The Guardian July 19, 2000


Nine deaths in WA prisons since January

The West Australian Deaths in Custody Watch Committee has called on 
Premier Richard Court to appoint a panel of professionals to investigate 
WA's incarceration practices. The call followed the death of a 19-year-old 
remand prisoner at Hakea Prison last month, a death which took to nine the 
number of prisoners who have died in custody in WA since January.

The figure equals the total deaths in the State's jails for all of 1999.

"This has gone past the stage of numbers", the Deaths in Custody Watch 
Committee said. "The numbers are truly horrific, and in the absence of the 
Ombudsman's report we can only ask the Premier to intervene and appoint a 
panel of professionals to investigate the State's incarceration practices.

"The buck stops here."

The latest prisoner to die, Simon Otero, who had been due to apply for 
variations to his bail conditions, was found hanged in his cell at the 
former Canning Vale Remand Centre.

Prison officers, who had been doing a routine check of cells, tried 
unsuccessfully to revive him.

General manager of Prison Services, Terry Simpson, said the Justice 
Ministry was very concerned at the number of deaths in recent months and 
would review all cases.

"Although the deaths appear unrelated, we will be carefully reviewing each 
case to ascertain if there is any more we could have done than we already 
are doing to prevent deaths in our prisons."

Police and the Coroner will investigate all nine deaths  six of which 
were by hanging and four of which involved Aboriginal prisoners.

Four of the deaths have been of inmates at the maximum security Casuarina 
Prison, in Perth's south.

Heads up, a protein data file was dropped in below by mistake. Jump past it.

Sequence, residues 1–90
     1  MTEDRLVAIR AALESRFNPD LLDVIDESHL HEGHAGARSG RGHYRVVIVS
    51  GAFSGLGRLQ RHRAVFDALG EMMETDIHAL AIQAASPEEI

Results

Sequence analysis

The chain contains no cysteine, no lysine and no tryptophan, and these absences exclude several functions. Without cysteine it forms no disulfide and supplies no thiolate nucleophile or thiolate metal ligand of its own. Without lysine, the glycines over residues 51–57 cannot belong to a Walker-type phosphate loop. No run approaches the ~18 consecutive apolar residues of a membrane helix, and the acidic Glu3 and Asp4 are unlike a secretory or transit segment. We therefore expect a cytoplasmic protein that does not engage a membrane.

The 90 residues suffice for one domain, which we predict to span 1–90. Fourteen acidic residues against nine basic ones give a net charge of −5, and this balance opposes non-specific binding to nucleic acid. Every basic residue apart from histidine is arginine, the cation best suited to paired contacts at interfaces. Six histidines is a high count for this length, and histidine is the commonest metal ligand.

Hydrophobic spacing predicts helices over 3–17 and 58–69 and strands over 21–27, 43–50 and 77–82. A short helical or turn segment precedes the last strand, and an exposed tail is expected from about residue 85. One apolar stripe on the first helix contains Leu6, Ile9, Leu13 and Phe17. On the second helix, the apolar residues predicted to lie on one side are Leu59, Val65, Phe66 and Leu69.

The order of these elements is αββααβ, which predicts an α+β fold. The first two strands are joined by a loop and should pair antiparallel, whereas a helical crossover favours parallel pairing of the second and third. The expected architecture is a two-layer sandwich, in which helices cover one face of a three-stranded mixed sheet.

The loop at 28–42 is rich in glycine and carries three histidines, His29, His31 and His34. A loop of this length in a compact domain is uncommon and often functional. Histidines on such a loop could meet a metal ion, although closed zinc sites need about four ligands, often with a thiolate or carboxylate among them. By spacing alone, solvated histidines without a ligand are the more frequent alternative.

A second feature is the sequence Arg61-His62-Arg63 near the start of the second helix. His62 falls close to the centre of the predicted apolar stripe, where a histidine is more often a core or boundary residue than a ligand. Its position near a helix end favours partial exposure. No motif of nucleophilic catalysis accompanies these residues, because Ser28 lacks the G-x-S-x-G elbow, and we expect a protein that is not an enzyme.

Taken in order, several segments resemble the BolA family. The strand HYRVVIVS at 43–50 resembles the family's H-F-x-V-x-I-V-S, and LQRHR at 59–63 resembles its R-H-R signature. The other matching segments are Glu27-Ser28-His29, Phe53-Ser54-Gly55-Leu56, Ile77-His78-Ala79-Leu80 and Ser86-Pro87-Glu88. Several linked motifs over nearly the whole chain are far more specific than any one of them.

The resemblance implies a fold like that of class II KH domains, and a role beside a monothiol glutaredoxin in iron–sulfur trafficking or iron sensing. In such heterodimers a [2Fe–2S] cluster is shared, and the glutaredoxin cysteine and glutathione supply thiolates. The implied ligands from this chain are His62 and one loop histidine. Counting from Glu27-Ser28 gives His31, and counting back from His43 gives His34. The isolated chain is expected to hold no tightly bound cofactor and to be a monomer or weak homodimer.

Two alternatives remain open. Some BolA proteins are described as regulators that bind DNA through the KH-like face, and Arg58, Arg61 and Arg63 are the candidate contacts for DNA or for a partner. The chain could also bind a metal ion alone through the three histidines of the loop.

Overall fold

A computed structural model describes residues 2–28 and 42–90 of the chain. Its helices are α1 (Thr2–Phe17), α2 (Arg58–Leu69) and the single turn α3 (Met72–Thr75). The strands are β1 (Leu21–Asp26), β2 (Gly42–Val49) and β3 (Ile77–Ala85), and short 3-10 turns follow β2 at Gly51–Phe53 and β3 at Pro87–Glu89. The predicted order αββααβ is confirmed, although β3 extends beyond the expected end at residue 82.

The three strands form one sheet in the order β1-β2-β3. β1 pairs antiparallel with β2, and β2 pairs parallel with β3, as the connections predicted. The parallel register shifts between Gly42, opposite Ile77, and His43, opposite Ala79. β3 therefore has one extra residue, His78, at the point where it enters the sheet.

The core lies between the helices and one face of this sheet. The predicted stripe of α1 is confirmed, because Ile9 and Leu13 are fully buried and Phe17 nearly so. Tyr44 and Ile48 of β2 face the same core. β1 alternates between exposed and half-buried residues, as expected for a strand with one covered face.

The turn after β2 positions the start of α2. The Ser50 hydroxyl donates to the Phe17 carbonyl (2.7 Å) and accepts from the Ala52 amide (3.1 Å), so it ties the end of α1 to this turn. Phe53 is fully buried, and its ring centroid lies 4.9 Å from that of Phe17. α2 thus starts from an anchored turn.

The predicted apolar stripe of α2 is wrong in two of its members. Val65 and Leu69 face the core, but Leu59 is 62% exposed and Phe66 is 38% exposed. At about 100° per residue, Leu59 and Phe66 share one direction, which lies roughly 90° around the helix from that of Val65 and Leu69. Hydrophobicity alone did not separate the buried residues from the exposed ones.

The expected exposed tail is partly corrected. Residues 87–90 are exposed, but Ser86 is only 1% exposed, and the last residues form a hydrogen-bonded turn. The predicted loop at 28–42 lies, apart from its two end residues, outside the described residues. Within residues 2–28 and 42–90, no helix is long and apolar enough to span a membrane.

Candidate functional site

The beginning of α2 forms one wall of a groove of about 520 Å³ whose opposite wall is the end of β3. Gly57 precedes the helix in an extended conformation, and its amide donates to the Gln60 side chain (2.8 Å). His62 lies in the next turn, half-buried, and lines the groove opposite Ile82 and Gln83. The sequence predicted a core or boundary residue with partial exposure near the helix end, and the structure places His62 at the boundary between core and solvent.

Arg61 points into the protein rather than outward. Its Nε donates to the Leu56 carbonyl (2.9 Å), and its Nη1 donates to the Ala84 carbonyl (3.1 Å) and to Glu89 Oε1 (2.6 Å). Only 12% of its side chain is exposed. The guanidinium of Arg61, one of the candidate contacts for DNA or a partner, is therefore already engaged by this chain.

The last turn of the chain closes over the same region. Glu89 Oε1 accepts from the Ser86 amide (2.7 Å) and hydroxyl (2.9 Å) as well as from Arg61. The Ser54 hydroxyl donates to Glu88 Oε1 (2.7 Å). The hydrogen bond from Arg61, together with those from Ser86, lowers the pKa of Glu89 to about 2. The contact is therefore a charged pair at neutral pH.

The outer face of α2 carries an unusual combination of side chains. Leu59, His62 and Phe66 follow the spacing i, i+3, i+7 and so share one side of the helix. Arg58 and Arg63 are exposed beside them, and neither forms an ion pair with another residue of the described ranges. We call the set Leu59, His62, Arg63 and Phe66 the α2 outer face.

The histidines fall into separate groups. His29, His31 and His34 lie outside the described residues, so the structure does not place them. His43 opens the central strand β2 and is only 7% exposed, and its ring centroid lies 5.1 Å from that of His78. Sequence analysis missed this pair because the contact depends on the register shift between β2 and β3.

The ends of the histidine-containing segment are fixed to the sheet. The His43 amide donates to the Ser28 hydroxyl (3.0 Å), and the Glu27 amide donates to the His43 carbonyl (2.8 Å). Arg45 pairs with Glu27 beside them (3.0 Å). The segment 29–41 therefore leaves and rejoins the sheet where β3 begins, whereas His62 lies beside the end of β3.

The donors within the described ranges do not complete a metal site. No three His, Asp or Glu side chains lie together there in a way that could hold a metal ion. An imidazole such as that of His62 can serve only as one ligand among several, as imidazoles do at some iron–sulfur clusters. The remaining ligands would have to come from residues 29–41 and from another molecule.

The Deaths in Custody Watch Committee disputed the claim that the deaths 
were unrelated. "Each and every person was in the custody and care of the 
Ministry, were they not?", the Committee noted.

"The community has had enough of promises on promises and spin doctors on 
ministerial positions. No further rhetoric please. We must have results 
from Western Australia's penal system.

"This committee seeks not to debate any politicians or senior bureaucrats 
in a point-scoring exercise whilst Royal Commission [into Black Deaths in 
Custody] recommendations remain unimplemented."

The Committee suggested that perhaps the issue is not custodial or penal: 
"Perhaps there is a medical/psychological component?".

The Committee has demanded that the WA Attorney-General implement 
recommendation 23 of the Royal Commission which states: "That the family of 
the deceased be entitled to legal representation at the inquest and that 
government pay the reasonable costs of such representation through legal 
aid schemes or otherwise."

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Acknowledgments: Koori Mail

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